Page images
PDF
EPUB

MARTIN'S PRACTICE OF CONVEYANCING:

WITH

Forms of Assurance.

BY CHARLES DAVIDSON,
OF THE MIDDLE TEMPLE, ESQ., BARRISTER AT LAW, AND FELLOW

OF CHRIST'S COLLEGE, CAMBRIDGE.
In Five Volumes, Royal 8vo.Price 71. in boards.

THE Publishers beg to call the attention of Gentlemen engaged in the PRACTICE of CONVEYANCING to the above Work, which is now completed, and to state, that it has received the approbation, and is used in the chambers of the most eminent Conveyancing Counsel. It has been compiled with much care, from drafts of the most skilful Conveyancing Barristers of the present day; and each Precedent has undergone a careful revision with a view to its improvement in conciseness and clearness, its applicability to general practice, and its adaptation to the state of the Law at the time of publication.

The First Volume consists of an Introduction, and of an Appendix (just published) containing several additional Precedents. The Se. cond Volume contains a very large collection, made by the late Mr. MARTIN, of Common Forms of all the different Clauses of Deeds, Wills, and other Assurances ; the forms are drawn from various sources, and present a very considerable choice to the draftsman. The last Three Volumes, and the Appendix to the First, (which are the work of Mr. DAVIDSON), contain entire Precedents of all the Assurances commonly framed by Conveyancers, with a very large body of Notes, principally relating to the practice of preparing Drafts, and to such points of Law as bear more immediately on that part of the Conveyancer's duty. It is to this object (the Prepara. tion of Drafts) that the Work has been chiefly directed; and it is conceived, that the precision and uniformity of language in the Precedents, their conciseness, and their having been taken wholly from the most approved Forms, and principally from Drafts recently prepared, must give this book an advantage for practical purposes over any Collection of Precedents hitherto offered to the Profession.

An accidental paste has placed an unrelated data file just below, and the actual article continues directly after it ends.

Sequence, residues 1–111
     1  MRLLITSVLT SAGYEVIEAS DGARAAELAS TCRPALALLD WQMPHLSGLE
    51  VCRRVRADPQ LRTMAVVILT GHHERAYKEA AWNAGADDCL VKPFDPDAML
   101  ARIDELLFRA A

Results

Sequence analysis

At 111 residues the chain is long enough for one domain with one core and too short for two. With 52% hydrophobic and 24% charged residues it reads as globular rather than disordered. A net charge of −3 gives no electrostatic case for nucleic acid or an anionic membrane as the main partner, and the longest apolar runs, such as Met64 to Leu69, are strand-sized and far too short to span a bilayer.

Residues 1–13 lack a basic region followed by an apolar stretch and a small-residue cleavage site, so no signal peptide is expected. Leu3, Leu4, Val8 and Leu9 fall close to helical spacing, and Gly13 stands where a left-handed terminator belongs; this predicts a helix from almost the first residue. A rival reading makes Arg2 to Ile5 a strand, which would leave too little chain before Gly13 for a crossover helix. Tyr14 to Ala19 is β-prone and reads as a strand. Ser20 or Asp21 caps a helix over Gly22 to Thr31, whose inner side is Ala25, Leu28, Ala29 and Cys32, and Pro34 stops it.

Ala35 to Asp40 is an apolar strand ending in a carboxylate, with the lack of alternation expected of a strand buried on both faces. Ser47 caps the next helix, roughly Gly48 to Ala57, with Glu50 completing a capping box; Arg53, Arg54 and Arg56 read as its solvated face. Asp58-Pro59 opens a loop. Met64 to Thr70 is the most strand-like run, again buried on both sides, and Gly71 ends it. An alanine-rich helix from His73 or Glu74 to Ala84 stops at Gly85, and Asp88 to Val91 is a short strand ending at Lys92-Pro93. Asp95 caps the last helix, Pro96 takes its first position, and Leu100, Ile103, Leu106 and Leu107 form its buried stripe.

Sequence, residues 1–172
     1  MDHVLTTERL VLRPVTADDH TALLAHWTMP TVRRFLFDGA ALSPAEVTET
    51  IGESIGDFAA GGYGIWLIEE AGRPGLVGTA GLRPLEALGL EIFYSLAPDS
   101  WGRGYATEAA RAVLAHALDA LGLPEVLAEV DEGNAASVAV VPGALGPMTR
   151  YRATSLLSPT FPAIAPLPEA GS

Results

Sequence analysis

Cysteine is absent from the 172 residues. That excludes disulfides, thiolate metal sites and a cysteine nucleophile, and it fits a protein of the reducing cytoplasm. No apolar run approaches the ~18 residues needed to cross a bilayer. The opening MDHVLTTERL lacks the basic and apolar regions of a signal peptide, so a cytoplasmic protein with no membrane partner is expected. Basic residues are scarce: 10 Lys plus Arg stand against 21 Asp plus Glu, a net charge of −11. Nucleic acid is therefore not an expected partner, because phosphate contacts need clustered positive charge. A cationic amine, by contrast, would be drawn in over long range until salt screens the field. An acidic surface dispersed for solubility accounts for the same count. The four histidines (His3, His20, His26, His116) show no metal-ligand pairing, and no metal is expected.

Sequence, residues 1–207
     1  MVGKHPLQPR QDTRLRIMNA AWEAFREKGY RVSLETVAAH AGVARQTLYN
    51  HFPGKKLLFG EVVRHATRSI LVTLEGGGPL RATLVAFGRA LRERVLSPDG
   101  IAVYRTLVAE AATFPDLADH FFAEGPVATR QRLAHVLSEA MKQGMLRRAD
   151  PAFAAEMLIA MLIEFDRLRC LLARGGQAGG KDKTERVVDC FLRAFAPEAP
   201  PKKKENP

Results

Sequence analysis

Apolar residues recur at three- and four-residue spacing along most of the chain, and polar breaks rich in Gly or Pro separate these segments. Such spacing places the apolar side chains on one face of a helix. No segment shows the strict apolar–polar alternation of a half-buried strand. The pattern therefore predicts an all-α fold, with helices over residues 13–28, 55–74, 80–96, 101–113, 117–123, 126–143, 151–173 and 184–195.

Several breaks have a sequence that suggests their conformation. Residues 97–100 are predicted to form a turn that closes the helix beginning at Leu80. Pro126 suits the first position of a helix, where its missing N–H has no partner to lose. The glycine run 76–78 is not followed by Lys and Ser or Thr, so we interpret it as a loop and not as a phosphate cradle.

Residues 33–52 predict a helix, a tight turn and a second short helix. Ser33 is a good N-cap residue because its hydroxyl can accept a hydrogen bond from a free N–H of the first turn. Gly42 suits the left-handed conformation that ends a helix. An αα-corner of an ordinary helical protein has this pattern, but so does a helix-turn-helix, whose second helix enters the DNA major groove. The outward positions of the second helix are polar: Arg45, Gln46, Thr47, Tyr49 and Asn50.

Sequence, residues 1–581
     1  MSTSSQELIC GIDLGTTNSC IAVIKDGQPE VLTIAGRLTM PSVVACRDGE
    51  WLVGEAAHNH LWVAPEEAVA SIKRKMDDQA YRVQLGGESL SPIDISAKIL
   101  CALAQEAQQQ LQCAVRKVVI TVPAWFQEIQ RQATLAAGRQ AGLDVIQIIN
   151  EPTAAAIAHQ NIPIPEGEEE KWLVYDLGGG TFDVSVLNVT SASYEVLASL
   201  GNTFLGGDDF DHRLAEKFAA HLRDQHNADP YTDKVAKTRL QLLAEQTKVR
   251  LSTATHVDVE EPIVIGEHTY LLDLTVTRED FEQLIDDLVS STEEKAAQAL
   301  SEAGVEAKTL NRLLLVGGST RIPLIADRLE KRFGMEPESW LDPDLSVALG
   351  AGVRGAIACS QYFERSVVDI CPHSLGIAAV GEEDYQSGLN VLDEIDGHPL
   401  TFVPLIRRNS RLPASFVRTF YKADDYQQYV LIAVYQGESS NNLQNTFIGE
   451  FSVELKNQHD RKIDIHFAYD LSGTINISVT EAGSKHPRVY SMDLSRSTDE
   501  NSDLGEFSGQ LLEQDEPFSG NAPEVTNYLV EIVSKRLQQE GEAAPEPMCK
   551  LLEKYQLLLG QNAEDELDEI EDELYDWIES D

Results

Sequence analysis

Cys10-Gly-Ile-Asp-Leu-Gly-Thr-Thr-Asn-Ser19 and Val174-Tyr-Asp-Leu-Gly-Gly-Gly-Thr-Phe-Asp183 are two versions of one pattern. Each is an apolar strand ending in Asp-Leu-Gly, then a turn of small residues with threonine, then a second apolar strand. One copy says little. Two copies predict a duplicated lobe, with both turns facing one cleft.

Precedents in Conveyancing :

ADAPTED TO THE

ACT FOR SIMPLIFYING THE TRANSFER

OF PROPERTY,

788 VICT., CAP: 76,

WITH

Practical Notes, and Observations on the Act.

BY CHARLES DAVIDSON,
OF THE INNER TEMPLE, ESQ., BARRISTER AT LAW, LATE FELLOW

OF CHRIST'S COLLEGE, CAMBRIDGE.

LONDON:
A. MAXWELL & SON, 32, BELL YARD, LINCOLN'S INN,

Law Booksellers & Publishers;
AND HODGES & SMITH, COLLEGE GREEN, DUBLIN.

[ocr errors]

SINCE the early sheets went to the press, it has been suggested, that the reason for making a distinction in the 8th section (infra, pp. 22, 39) of the late Act between existing contingent remainders and remainders hereafter to be created, may have been an impression, that, if existing contingent remainders had been turned into executory estates, then, under a contingent remainder to a class of persons, (the children, for instance, of a living person), the individuals comprised in the class might have been changed; that, under a remainder to such a class, only those comprised in it upon the determination of the preceding estate would be entitled; but that, under an executory gift to such a class, all would take who should at any time come within it. It is doubted, however, if this impression be well founded; for it is apprehended, that, according to the authorities, in the case of a gift, whether by way of contingent remainder or of executory estate,to a class of persons, preceded by an anterior interest, those only are included in the class who are or have been in existence at the determination or defeasance of the anterior interest, or during its continuance. (See 2 Jarman on Wills, 75 and 76).

It has also been suggested that the observations infra, p. 32, with respect to those rules hereafter applying to deeds between parties which heretofore applied to indentures, is incorrect; but the author sees no reason to alter his opinion. With respect to estoppel (which is particularly referred to) it is, indeed, generally laid down, that estoppel can only be by indenture; but the reason seems to be, because a deed between parties could only be by indenture. The estoppel was not caused by the shape of the edge of the skin, but because it was considered that a man could only be estopped by a deed to which he was a party, and he could not be a party to a deed which was not an indenture.

« PreviousContinue »